The UK Centre for Defence Enterprise, which has now transitioned to the Defence and Security Accelerator, will provide £365,000 in funding to engineering consultant HORIBA MIRA. The funding will help HORIBA MIRA deliver a second phase of its UGV Autonomy research project, known as ‘UGV Localisation and Perception using Deep Learning Neural Networks.’
The overall aim of the project is to develop vision-based localization and perception technology that will allow UGVs to operate smoothly in difficult environments. Using Artificial Intelligence provided by computer vision cameras and deep learning neural networks, HORIBA MIRA is looking to ensure that both manned and unmanned military platforms are capable of adapting to changing conditions and environments experienced in the field.
One of the specific goals of the project is to create an alternative, or a ‘fail-safe,’ to the Global Positioning System (GPS) and Global Navigation Satellite Systems (GNSS), the two most common systems that guide UGVs during drives. Both of those systems are susceptible to jamming and interference, which can be a problem for UGVs operating in certain military contexts and situations.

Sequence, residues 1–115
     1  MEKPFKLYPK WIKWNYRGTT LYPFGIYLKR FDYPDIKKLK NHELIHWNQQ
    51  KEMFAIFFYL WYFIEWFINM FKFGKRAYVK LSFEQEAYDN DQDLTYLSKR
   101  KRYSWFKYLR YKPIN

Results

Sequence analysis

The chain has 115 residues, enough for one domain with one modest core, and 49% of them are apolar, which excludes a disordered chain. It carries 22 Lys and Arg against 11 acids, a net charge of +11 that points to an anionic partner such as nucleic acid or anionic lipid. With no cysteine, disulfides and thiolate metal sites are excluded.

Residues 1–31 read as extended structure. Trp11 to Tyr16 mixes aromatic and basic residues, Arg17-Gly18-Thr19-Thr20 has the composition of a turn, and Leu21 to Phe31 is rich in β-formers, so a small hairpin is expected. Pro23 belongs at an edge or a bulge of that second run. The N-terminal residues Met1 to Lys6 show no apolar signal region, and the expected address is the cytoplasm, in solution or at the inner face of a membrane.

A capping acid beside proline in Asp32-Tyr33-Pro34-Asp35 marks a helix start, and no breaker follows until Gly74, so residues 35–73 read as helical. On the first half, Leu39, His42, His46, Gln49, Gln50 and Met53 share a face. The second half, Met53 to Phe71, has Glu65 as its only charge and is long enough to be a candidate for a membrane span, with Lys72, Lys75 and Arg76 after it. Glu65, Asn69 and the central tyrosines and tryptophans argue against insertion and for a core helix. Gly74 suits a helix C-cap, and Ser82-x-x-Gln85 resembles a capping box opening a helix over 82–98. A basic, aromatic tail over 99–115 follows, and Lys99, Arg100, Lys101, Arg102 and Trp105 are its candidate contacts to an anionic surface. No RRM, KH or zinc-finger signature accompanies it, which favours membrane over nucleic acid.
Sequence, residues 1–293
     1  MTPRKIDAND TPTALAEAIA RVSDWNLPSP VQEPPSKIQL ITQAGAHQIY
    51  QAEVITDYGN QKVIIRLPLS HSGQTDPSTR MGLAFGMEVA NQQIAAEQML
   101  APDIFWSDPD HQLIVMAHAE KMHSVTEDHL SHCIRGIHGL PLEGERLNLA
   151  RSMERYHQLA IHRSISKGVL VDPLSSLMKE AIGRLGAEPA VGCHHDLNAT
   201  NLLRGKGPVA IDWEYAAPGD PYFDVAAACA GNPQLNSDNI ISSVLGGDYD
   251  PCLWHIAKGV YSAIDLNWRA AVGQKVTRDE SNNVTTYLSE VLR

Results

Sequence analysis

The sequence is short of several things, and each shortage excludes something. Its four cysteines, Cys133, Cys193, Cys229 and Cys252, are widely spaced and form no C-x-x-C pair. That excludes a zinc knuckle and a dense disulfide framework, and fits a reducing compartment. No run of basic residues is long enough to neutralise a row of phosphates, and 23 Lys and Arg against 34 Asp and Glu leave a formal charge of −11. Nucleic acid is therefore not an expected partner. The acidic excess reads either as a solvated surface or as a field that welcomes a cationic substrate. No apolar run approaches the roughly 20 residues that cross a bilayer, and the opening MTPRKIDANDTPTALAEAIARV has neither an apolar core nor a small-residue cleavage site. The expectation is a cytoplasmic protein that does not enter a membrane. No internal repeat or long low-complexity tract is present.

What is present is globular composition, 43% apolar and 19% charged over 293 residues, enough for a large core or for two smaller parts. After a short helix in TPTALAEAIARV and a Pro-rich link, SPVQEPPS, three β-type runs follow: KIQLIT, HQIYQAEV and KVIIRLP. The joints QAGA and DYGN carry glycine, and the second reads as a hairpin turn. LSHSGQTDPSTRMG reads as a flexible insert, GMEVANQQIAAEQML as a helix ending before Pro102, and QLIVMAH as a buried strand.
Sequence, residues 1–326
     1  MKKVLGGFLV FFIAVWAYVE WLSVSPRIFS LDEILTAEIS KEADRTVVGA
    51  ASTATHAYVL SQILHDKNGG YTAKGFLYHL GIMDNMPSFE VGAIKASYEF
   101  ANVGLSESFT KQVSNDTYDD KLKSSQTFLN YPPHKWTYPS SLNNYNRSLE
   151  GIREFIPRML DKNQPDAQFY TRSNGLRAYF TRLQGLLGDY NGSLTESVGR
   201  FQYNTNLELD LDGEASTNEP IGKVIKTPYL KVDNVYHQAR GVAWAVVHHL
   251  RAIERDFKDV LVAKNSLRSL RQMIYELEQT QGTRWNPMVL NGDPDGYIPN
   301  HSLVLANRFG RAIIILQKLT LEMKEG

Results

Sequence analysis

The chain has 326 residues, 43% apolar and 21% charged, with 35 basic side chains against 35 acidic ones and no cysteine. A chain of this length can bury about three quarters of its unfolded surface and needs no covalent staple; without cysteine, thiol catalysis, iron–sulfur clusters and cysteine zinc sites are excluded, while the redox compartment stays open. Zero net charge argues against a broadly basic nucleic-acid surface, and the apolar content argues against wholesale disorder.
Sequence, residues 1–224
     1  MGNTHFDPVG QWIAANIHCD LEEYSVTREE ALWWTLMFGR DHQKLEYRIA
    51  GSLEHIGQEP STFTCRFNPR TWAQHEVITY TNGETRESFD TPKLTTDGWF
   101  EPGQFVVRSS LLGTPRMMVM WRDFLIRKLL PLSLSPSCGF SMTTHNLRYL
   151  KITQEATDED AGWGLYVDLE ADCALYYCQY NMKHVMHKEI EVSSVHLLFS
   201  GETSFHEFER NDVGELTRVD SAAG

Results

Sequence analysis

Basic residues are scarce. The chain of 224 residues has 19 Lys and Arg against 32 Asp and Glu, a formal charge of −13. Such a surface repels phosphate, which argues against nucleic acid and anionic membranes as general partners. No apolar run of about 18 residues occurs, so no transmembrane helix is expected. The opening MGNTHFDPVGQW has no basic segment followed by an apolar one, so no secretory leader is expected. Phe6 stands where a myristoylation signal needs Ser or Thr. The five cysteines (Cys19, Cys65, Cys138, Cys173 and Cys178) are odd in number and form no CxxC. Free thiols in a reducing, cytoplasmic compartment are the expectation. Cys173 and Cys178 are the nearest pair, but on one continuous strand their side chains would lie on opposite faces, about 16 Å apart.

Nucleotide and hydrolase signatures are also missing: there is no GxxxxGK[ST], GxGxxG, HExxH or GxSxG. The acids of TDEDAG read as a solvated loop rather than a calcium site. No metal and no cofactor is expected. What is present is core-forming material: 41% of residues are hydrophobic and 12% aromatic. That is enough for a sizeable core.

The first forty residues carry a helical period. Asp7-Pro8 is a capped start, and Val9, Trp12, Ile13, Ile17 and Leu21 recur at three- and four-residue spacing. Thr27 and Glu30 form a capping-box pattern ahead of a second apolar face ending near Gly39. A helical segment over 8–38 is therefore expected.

“The technology that we are developing enables a breakthrough in autonomy, meaning that our vehicles can start to understand their surroundings and no longer be reliant on off-board systems such as GPS,” says HORIBA MIRA’s Chief Engineer for Defence Solutions Andrew Maloney through press release
“Winning the second phase of the project means we can improve the core technology and take the system to new environments where it hasn’t been before to assess its ability to navigate and drive them autonomously.”
The first phase of the project, which was completed in 2016, resulted in HORIBA MIRA’s Modular Autonomous Control Equipment (MACE) research vehicle being equipped with a proof of concept system created by HORIBA MIRA. During a demonstration of the system onboard the MACE research vehicle, the vehicle navigated, localized and drove autonomously without GPS.
During the second phase of the project, HORIBA MIRA will look to improve the system performance and sensing capability of the proof of concept system. HORIBA MIRA will also look to create an advanced prototype that can be integrated into a variety of existing systems. That prototype could serve as an alternative to GPS, or compliment it.
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